Eaton: Fun with a phone scammer (and how to protect yourself)


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IDAHO FALLS — When my phone buzzed this morning with a number I didn’t recognize, I figured it might be someone calling with a news tip.

Instead it was a man claiming to be with the Microsoft IT Windows department and he was calling to let me know that personal information from my computer, including credit card and bank account numbers, was being leaked online.

Our intern, Brandon, grabbed his phone and started videotaping the call. After playing along with the alleged IT man for a few minutes, he told me to get lost (in not so nice terms) and hung up.

It seems that I’ve been getting more of these types of calls over the last six months. I’ve received at least 10 calls from someone claiming they can restore my bad credit if I simply press 5, and then there’s the calls offering my family an all-inclusive vacation anywhere in the world with no strings attached.

Scam phone calls are not new. Microsoft receives an average of 10,000 customer complaints every month about tech support scams from all across the globe. Many of the victims are senior citizens who fall for the phony story being told to them from somebody in a faraway call center.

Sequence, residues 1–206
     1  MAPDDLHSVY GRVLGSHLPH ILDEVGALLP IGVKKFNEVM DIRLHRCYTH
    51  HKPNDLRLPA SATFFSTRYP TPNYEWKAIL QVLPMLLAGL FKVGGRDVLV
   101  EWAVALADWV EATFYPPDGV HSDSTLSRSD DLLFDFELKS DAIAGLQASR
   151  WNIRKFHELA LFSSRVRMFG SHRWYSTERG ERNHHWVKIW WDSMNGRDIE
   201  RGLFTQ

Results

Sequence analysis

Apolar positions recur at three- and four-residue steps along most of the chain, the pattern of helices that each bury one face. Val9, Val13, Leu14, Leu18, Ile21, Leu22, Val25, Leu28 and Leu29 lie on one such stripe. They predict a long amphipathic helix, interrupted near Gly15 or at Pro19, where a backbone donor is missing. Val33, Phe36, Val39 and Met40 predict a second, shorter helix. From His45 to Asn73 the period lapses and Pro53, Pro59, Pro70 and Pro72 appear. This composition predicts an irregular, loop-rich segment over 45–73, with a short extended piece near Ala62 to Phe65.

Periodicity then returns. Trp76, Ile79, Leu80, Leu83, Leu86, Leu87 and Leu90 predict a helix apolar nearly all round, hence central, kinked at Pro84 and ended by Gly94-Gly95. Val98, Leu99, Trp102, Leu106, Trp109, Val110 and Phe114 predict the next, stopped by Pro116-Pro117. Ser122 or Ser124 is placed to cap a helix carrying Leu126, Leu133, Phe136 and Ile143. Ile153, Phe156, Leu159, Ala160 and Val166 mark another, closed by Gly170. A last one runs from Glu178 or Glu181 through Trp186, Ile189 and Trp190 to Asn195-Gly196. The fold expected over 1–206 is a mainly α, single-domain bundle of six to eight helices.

Two months ago law enforcement took action against a number of tech support fraudsters targeted by Microsoft’s Digital Crime Unit. The FTC and its partners announced 16 new actions, including complaints, settlements, indictments and guilty pleas, involving deceptive tech support operations.

Seven people received criminal indictments for their role in a Florida-based fraudulent operation where about 40,000 people were defrauded out of more than $25 million over three years.

If you receive a notification or call from someone claiming to be from a reputable company, here are a few key tips to keep in mind:

  • Microsoft and most businesses will never proactively reach out to you to provide unsolicited PC or technical support. Any communication will be initiated by you.
  • Do not call the phone number in a pop-up window on your device.
  • Never give control of your computer to a third party unless you can confirm that it is a legitimate representative of a computer support team with whom you are already a customer.
  • If skeptical, take the person’s information down and immediately report it to your local authorities.

Remember – if you are suspicious, hang up and then call the company’s listed phone number to confirm if they really are trying to reach you.